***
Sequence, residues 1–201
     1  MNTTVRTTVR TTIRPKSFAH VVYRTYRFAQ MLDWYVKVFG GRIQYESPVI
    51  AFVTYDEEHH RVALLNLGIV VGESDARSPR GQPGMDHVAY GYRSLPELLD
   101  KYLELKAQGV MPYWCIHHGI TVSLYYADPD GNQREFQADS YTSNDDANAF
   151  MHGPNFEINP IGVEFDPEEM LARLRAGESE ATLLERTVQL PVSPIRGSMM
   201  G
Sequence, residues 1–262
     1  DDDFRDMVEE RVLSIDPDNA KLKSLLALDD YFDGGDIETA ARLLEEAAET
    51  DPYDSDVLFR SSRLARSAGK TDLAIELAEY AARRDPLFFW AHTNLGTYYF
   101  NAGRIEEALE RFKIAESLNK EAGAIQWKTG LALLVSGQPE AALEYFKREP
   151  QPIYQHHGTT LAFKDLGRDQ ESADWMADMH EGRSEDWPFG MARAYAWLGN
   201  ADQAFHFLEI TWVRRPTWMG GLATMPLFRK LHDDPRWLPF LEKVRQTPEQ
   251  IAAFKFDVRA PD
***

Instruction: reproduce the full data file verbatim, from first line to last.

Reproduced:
Sequence, residues 1–201
     1  MNTTVRTTVR TTIRPKSFAH VVYRTYRFAQ MLDWYVKVFG GRIQYESPVI
    51  AFVTYDEEHH RVALLNLGIV VGESDARSPR GQPGMDHVAY GYRSLPELLD
   101  KYLELKAQGV MPYWCIHHGI TVSLYYADPD GNQREFQADS YTSNDDANAF
   151  MHGPNFEINP IGVEFDPEEM LARLRAGESE ATLLERTVQL PVSPIRGSMM
   201  G
Sequence, residues 1–262
     1  DDDFRDMVEE RVLSIDPDNA KLKSLLALDD YFDGGDIETA ARLLEEAAET
    51  DPYDSDVLFR SSRLARSAGK TDLAIELAEY AARRDPLFFW AHTNLGTYYF
   101  NAGRIEEALE RFKIAESLNK EAGAIQWKTG LALLVSGQPE AALEYFKREP
   151  QPIYQHHGTT LAFKDLGRDQ ESADWMADMH EGRSEDWPFG MARAYAWLGN
   201  ADQAFHFLEI TWVRRPTWMG GLATMPLFRK LHDDPRWLPF LEKVRQTPEQ
   251  IAAFKFDVRA PD